…and in an emotional speech, joined by his two sons on the podium at Okayama, thanked every fan who had supported him over the course of his incredible career.
With an incredible farewell salute, Juichi Wakisaka brought the driving chapter of his Super GT career to a close. Then, as soon as the ink had dried on the final sentence of his driving career, he began writing the first sentence of his new career as a team director.
Shortly after his driving retirement was announced, Wakisaka was named the new team director at Lexus Team Wako’s LeMans, the team that he had driven to that 2002 championship. Wakisaka was just one of a few new elements at the team – a new title sponsor in Wako’s Chemical, and a new driver in Andrea Caldarelli to partner Kazuya Oshima.
His first race as a director saw the Wako’s RC-F qualify on the front row, then go on to finish fourth – just off the podium after some hard battles, but a great result nonetheless.
Wakisaka reveled in his new role as team director, guiding his young drivers through a few potentially difficult races to bounce back with strong results – the Wako’s team recorded a series-leading seven top-five finishes in 2016, and a pole position at Sugo only sweetened the deal.
Along the way, Wakisaka kept his entertaining persona alive and well from the director’s chair as he did as a driver. He’s the man who can never keep a straight face when he’s on camera, whether he’s giving a menacing glare into the TV camera, “Bolting” like the sprinter Usain after his driver makes a pass for position, or during Sugo qualifying when he and Lexus Team ZENT Cerumo race queen Aya Hayase had a hilarious duel of hand-folding.
And it worked. The slapstick facial reactions that have become a meme in the Super GT community over the past few years never overshadowed his unrelenting, uncompromising approach as a competitor that he seamlessly wove into the director’s role.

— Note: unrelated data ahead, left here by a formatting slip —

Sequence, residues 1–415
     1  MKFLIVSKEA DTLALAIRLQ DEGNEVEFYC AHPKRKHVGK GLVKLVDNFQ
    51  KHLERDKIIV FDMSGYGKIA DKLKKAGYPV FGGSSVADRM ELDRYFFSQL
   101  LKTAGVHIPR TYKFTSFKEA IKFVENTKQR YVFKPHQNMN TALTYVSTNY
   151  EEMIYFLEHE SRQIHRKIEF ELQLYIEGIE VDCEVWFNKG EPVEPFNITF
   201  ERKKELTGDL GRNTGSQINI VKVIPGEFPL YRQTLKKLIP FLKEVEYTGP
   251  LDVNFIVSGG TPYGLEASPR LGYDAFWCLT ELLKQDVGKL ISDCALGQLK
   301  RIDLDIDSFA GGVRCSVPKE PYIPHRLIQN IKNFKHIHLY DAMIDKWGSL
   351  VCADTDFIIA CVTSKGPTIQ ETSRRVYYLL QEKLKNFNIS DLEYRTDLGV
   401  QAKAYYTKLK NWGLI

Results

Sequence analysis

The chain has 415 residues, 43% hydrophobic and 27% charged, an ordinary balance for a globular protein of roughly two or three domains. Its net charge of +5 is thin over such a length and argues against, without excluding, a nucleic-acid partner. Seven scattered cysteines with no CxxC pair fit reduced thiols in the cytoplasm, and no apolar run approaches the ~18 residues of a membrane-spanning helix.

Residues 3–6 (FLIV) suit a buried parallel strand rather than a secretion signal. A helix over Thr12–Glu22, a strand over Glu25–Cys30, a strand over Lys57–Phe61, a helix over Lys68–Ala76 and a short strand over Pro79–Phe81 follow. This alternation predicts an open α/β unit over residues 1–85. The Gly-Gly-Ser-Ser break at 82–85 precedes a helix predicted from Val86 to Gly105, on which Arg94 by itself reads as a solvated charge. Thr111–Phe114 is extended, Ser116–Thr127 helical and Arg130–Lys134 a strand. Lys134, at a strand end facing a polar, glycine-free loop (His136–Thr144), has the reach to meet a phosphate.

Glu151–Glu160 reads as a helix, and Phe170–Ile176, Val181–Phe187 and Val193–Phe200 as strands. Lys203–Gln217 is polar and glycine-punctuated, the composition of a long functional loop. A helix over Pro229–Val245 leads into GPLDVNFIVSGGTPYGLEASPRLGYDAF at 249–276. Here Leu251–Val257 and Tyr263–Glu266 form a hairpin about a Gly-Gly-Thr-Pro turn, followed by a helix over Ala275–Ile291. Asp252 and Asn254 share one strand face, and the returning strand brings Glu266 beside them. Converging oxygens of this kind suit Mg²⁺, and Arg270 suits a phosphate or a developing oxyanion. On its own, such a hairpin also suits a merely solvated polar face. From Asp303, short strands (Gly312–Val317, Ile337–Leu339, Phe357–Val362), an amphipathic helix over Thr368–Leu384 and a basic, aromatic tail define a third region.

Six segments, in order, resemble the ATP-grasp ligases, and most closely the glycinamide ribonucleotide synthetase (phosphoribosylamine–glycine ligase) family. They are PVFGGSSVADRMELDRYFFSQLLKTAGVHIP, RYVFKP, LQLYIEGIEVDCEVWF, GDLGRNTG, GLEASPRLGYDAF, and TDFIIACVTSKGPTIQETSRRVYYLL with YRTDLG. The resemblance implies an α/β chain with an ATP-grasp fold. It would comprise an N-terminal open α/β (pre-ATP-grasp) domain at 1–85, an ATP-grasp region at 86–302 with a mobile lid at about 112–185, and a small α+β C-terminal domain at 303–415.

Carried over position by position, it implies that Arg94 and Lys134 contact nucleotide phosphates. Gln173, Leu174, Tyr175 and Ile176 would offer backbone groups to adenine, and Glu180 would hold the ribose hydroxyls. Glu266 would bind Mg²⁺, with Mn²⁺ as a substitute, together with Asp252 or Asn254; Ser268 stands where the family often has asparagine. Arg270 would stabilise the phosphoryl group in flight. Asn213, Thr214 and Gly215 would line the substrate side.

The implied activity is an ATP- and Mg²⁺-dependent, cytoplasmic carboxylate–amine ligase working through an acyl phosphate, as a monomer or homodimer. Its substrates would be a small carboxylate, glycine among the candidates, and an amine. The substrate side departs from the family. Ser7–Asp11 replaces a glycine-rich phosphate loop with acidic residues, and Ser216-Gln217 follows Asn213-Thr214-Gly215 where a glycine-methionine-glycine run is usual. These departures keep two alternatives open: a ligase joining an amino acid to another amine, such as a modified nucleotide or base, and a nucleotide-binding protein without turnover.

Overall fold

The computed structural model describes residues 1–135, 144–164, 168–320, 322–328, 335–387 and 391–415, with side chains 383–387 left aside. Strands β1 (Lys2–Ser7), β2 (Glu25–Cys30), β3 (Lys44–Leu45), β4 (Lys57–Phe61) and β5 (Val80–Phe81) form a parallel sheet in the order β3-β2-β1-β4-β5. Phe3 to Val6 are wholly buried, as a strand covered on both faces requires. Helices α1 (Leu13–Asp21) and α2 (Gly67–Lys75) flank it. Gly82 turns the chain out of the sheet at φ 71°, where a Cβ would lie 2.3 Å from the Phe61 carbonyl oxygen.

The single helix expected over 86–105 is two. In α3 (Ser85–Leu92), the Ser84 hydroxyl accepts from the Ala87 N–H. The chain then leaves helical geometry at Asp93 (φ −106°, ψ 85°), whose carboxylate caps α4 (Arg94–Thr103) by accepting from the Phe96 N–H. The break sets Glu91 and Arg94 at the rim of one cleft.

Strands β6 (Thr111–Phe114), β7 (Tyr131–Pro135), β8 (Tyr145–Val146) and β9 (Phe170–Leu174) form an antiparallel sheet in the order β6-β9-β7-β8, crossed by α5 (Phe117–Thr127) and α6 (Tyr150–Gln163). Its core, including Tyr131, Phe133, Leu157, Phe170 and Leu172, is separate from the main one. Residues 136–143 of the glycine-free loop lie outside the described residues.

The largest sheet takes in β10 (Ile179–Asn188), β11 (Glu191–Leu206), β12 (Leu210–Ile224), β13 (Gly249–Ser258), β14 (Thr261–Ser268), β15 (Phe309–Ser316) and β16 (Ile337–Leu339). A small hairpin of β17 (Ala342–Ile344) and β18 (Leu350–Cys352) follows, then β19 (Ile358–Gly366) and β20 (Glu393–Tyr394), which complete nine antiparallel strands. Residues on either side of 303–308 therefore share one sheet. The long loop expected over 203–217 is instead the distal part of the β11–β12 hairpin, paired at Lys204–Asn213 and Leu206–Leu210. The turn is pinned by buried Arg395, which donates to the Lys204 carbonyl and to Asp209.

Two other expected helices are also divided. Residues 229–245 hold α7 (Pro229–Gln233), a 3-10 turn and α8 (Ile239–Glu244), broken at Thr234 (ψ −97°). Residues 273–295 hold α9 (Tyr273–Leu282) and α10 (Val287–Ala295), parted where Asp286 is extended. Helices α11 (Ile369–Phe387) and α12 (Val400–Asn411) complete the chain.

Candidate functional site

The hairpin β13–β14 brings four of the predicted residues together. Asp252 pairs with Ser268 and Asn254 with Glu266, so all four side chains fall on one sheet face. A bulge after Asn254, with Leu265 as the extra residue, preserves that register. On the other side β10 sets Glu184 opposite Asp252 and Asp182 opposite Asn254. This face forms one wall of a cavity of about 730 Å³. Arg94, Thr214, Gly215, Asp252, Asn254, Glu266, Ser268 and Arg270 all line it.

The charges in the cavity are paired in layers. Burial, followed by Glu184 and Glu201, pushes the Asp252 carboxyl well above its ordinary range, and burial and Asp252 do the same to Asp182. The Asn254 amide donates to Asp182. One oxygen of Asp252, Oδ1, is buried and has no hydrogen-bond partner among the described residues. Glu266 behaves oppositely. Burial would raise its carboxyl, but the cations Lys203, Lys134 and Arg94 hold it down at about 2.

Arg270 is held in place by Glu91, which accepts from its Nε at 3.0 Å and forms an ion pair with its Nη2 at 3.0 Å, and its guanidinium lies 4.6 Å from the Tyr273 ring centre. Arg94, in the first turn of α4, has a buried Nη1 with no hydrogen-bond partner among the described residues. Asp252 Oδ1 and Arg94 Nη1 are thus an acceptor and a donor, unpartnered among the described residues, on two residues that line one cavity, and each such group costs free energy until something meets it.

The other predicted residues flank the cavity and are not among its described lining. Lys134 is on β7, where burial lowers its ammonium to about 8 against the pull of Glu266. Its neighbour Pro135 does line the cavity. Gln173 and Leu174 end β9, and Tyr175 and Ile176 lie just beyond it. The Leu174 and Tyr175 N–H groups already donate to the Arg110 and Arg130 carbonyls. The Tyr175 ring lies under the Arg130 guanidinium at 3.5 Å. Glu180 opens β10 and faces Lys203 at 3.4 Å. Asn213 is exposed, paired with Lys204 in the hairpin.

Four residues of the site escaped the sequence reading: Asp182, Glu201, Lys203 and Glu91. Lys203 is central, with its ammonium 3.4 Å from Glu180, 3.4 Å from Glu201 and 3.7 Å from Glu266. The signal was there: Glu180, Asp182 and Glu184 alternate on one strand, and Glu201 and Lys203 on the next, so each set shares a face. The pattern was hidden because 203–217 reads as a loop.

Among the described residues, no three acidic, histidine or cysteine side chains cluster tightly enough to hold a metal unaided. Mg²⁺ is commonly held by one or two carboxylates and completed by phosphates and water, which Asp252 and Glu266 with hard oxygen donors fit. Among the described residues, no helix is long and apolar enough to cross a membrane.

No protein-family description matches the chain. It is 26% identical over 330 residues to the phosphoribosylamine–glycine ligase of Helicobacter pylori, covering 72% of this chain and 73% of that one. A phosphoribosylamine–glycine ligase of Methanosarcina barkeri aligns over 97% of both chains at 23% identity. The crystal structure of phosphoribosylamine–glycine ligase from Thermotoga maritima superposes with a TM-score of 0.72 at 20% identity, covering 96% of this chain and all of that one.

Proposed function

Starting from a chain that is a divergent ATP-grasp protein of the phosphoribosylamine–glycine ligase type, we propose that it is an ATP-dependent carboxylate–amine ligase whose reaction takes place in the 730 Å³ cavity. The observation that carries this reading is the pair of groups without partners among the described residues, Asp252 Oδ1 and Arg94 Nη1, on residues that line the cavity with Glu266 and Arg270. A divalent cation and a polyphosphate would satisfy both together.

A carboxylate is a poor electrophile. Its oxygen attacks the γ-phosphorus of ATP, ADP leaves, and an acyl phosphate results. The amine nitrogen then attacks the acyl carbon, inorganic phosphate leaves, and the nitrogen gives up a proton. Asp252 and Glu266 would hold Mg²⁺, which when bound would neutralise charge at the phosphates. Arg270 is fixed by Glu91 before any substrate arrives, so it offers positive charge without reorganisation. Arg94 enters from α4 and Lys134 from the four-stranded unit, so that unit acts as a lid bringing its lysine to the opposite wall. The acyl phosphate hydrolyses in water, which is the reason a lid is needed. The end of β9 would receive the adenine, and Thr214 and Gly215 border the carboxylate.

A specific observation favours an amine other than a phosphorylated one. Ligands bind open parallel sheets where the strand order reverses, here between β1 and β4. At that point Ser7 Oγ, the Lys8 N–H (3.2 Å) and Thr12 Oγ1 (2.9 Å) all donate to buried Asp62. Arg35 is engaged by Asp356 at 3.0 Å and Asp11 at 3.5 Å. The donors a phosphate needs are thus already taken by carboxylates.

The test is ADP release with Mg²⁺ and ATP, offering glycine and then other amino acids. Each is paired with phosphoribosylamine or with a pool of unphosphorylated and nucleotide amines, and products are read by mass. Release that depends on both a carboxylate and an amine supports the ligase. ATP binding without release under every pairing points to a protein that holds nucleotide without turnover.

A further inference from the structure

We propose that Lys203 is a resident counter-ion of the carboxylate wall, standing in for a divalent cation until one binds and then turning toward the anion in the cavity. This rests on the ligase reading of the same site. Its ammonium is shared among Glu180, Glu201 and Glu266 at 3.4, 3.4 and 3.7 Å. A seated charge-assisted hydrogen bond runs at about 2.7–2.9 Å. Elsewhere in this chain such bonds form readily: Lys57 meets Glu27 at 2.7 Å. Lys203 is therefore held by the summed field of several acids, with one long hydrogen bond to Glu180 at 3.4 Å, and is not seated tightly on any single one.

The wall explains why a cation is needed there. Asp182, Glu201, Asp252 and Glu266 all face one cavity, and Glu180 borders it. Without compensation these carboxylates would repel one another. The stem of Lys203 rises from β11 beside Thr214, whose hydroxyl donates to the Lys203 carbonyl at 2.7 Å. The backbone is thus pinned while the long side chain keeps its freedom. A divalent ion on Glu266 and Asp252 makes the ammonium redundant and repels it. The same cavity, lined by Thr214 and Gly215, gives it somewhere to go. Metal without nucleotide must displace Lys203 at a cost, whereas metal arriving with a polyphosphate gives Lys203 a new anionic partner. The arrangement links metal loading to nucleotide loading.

Lexus Team Wako’s LeMans went on to finish second in the GT500 standings, the best season the team had enjoyed in thirteen years – since 2003, when Wakisaka was their driver.
Speaking of driving, while his days racing in Super GT had come to an end, Wakisaka wasn’t quite ready to hang up the fire suit and the crash helmet for good just yet. He joined Saitama Toyopet GreenBrave for the 2016 Super Taikyu Endurance Series, driving their Toyota 86 that had won the previous year’s ST-4 category.
And while there wasn’t a wealth of success in Super Taikyu, or in the Toyota 86/BRZ Race one-make championship, Wakisaka still had fun racing at the lower categories in 2016.
Through all that, and through his new role as an ambassador to Toyota’s global motorsport programme, Wakisaka had quite the busy first year of “retirement”.
He never had a chance to race the 24 Hours of Le Mans, and his closest brush with F1 was a token one-off test in the late 1990s for Jordan. But Wakisaka is respected as one of the all-time legends back home in Japan, and hopefully, he’ll be recognized as such abroad – he’s one of the most colourful, entertaining, and respected drivers in Super GT history.
Even after his driving days have ended, Juichi Wakisaka showed that he still has a lot left to contribute to the series that made him a legend. Long may that continue.